At-home cooking

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churro
Posts: 208
Joined: Tue Feb 17, 2015 12:00 pm

Re: At-home cooking

Postby churro » Sun Jul 12, 2015 5:00 pm

zelph wrote:I'd like to try that one someday. You've come up with some really tasty looking recipes...thank you! :D



Thanks! The praise of the praise-worthy is the best compliment!

I served some more of the vietnamese-style pickle to some friends when they came over for dinner last night. They loved it, and asked for the recipe, but lost interest as soon as I said "fish sauce" :shock: . I've had that happen before around here. Most of my neighbors are excellent cooks, but shy away from anything spicy or exotic-sounding. Most of them seem to think I am some sort of nutcase for eating weeds and cooking "foreign" food. The nice thing is, I am learning all kinds of good stuff about simple, wholesome american frontier food. For me, that seems almost exotic :D .

churro
Posts: 208
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Re: At-home cooking

Postby churro » Sun Jul 12, 2015 9:03 pm

Tonight was a little different. I spent the morning working on a hot roof (stucco on a hard to reach place), then ran off to the farmer's market while the wife played with our son. I got a bunch of stuff to make shelf-pickles (more to come on that) and some early yellow squash (the small, soft yellow ones that don't need to be peeled or seeded, or cooked all that long).

Dinner time rolled around and I wanted something quick and easy:

A few years back my mom got me a little gadget from the "as seen on TV" section at Bed Bath and Beyond called a "Veggetti". It looks like an hour-glass, open at each end, with blades along the inside surface. It turns vegetables into ribbons roughly the size of spaghetti.
http://www.amazon.com/Veggetti-Spiral-V ... B00IIVRB3W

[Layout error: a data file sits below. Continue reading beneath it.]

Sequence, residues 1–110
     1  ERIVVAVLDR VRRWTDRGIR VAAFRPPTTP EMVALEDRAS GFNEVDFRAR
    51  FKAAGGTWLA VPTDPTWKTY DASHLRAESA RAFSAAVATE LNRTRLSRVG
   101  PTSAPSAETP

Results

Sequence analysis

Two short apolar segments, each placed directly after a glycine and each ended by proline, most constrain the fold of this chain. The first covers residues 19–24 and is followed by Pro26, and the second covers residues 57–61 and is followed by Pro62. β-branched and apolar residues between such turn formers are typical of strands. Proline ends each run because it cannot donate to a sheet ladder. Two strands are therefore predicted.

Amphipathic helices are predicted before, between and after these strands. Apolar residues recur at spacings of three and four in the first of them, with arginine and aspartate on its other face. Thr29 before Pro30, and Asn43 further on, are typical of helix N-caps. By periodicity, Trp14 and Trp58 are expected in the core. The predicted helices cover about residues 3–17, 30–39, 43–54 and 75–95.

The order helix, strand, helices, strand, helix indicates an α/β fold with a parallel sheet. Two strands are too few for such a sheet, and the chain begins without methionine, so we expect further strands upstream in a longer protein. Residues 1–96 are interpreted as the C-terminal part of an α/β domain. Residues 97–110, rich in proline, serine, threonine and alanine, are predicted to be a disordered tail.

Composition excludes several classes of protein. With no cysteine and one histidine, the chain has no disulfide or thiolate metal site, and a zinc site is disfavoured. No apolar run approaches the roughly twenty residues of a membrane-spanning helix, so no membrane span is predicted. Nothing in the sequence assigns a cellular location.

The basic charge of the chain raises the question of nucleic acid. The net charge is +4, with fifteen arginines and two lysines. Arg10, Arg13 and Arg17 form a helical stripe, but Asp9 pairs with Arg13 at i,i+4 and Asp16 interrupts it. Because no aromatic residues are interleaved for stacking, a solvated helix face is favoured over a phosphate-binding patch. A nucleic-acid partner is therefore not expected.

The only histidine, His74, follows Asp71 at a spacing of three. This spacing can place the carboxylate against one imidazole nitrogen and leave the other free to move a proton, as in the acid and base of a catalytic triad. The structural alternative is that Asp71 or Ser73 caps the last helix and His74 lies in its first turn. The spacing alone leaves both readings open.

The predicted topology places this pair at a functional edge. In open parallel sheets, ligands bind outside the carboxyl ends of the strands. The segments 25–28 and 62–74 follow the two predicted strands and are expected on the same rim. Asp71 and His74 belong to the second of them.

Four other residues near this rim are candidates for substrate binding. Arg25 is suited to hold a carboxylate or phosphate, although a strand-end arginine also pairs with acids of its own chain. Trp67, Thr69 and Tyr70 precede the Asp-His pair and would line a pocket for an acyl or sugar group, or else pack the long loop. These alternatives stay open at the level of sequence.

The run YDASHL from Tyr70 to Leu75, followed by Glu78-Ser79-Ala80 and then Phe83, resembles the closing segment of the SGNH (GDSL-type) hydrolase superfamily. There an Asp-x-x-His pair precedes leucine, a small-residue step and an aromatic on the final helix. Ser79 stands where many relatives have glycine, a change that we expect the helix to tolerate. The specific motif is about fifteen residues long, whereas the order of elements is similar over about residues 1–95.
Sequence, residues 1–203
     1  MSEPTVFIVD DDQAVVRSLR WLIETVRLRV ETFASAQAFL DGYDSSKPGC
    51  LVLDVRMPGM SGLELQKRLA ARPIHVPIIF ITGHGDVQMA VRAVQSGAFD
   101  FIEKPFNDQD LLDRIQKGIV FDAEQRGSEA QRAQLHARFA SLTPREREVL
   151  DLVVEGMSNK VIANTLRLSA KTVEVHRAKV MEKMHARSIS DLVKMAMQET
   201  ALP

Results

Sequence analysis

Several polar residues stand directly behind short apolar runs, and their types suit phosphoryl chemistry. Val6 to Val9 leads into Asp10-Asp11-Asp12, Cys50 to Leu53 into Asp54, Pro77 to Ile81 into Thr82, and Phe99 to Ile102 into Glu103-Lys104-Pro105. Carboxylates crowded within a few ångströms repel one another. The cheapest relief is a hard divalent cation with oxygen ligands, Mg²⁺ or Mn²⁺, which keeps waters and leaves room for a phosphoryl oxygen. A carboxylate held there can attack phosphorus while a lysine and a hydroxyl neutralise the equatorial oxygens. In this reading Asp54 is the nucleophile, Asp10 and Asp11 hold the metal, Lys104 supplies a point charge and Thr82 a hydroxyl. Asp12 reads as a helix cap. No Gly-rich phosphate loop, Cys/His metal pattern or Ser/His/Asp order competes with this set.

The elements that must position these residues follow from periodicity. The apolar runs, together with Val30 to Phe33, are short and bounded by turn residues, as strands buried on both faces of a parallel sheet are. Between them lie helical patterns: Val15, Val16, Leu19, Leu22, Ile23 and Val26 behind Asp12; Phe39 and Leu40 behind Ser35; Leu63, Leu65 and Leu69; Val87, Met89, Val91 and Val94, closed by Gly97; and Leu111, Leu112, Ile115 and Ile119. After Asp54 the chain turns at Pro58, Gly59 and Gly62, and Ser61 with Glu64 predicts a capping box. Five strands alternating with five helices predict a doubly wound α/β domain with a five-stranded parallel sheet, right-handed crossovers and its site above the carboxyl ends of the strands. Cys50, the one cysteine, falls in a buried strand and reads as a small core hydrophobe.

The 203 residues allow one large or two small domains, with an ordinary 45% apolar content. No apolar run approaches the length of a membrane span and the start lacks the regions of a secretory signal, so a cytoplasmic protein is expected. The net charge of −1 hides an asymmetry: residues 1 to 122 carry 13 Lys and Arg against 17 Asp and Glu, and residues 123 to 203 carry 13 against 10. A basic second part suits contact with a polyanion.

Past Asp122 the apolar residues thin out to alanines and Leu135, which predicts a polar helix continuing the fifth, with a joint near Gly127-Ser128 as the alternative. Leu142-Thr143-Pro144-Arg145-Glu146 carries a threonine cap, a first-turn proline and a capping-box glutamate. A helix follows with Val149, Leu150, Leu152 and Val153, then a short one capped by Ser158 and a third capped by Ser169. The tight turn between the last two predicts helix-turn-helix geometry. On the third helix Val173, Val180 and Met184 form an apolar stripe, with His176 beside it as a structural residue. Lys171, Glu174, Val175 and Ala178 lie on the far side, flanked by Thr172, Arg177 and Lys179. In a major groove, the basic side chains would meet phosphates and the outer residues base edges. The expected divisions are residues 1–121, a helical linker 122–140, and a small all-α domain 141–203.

I have to say, it works as advertised, at least with squash. I haven't tried it with anything else, but we always have enough squash to make it useful, and it takes less space to store than a beer glass. Sometimes I'll make some fresh pasta, then an equal volume of "squash pasta" so as to increase the vegetable content and reduce the carbs. You can't even tell the difference between the pasta and squash, but it adds flavor.

I passed 2 of the squash through it while I gently fried some pepperoni, cut into thin ribbons (go easy, they burn easily). I set aside the pepperoni and used the oil it gave off to fry up some thinly sliced onions and peppers, along with cubes of squash from the leftover stumps. When it started to brown, I added some minced garlic, olive oil and butter, then the squash pasta, tossed until tender (maybe 7 minutes?), then added minced fresh oregano and basil from the garden, some grated parmesan and garnished with the fried pepperoni. Delicious! Took about 40 minutes, start to finish, and pretty healthy.

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zelph
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Re: At-home cooking

Postby zelph » Sun Jul 12, 2015 11:33 pm

gheeesh!!! you come up with some mouth watering recipes. the pepperoni as garnish made made my squirters go bonkers(salivary glands) :D

Interesting tool for spiral cutting. Do you have to quarter the squash and remove seeds first?
http://www.woodgaz-stove.com/

churro
Posts: 208
Joined: Tue Feb 17, 2015 12:00 pm

Re: At-home cooking

Postby churro » Tue Jul 14, 2015 9:53 pm

zelph wrote:gheeesh!!! you come up with some mouth watering recipes. the pepperoni as garnish made made my squirters go bonkers(salivary glands) :D

Interesting tool for spiral cutting. Do you have to quarter the squash and remove seeds first?


Thanks again, Zelph! That pepperoni garnish is one of my secret weapons. People are always asking what it is, and are surprised when I tell them.

As for the spiral cutting thingy, I don't quarter or seed them, unless I have to to make it fit. The squash was small enough to fit perfectly and the seeds just sort of fell out the end. I tossed them in to cook, no problems.

I will say that you should be sure you are getting the real Veggetti, as amazon has had some customers report recieving Chinese ripoffs that are VERY low quality, even dangerous.

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zelph
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Re: At-home cooking

Postby zelph » Tue Jul 14, 2015 10:28 pm

Thanks for that info. I'm going to get one locally at bed, bath and beyond tomorrow.

http://www.woodgaz-stove.com/

churro
Posts: 208
Joined: Tue Feb 17, 2015 12:00 pm

Re: At-home cooking

Postby churro » Wed Jul 15, 2015 12:03 am

I managed to get a batch of spicy pickled vegetables canned today. I had to time some of it around my son's naps, and it worked out well.